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Practising talks

When asked, one point made by some students in this department is that they don't get as much practice at giving talks as perhaps they should, and compared to the amount of practice they might get or did already get in levels 1 and 2 in other departments. Since by the end of the reading party, all have already had some experience of it, they do not need heavy tutoring, but simply practice together with a bit of feedback. This could be done in tutorial groups.

What I've trialled is at each level 3 weekly tutorial, have one of the students give a 4 minute talk. After the talk, have questions on the content first, and then brief comments from every other student: e.g. best and worst feature of the talk. I assigned a rota of speakers at the first meeting, by getting them to roll a die.

More practical detail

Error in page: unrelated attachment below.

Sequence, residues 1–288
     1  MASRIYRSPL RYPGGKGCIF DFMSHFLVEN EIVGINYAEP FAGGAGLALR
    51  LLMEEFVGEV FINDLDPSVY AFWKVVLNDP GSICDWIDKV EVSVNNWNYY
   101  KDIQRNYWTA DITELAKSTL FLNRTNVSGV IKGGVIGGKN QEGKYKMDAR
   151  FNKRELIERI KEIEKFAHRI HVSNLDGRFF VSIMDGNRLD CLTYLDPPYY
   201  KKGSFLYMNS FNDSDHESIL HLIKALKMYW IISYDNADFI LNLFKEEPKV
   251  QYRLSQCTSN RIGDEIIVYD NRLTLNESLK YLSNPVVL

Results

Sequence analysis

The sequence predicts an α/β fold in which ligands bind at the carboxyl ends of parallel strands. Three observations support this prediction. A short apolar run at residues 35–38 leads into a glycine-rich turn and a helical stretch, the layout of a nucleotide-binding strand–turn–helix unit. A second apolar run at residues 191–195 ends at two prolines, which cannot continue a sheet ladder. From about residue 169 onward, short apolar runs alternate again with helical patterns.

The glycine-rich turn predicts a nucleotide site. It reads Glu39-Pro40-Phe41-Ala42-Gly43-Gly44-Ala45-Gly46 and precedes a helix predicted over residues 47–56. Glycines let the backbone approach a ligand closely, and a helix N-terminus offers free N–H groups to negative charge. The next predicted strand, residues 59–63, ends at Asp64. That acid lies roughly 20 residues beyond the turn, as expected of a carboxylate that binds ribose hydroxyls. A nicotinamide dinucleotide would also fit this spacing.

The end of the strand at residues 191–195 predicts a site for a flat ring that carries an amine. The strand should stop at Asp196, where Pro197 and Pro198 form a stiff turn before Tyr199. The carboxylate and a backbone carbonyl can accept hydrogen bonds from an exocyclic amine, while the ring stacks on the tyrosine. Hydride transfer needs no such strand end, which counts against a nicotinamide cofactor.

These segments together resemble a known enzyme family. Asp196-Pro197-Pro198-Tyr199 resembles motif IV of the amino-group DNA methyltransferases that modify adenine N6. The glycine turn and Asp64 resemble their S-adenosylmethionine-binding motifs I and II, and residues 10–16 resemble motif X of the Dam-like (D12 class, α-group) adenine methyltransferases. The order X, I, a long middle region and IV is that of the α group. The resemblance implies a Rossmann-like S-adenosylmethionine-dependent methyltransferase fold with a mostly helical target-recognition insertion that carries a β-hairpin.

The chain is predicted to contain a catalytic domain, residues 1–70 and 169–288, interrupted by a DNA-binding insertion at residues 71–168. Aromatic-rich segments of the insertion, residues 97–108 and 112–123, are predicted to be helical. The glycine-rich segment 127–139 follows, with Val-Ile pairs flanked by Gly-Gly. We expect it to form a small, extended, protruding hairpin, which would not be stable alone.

Here's a general specification for the weekly talks exercise in our tutorial group.

The talk should be 4 minutes long (plus 1 or more minutes for questions).

They should have visuals like slides, but delivered on paper handouts. I offer to copy the handouts for the student provided I have them before the start of the tutorial, as either email attachments or paper in my pigeonhole.

Possible talk topics

The topic can be anything the speaker chooses that might interest the group and relate to the course, unless the group or the tutor asks for something specific (which might occasionally be done). Some suggestions for kinds of talk topics are:


Practising talks will be much more useful if the speaker gets feedback. I propose that, after each talk:
  1. There is first any questions and discussion about the topic (the content of the talk). Personally I judge my success as a speaker by the questions I get, and something I keep telling myself and sometimes actually do, is to end a talk with a question for the audience, or what I want to hear from them.

  2. The speaker then says what they would most like to have comments on e.g. "Was it boring?" "Was it too long?" "Did the slides/handout work?"

  3. Then, we should go round the group, and each person should say briefly: (Best so the speaker knows what to keep doing; worst so they know what to change next time.)

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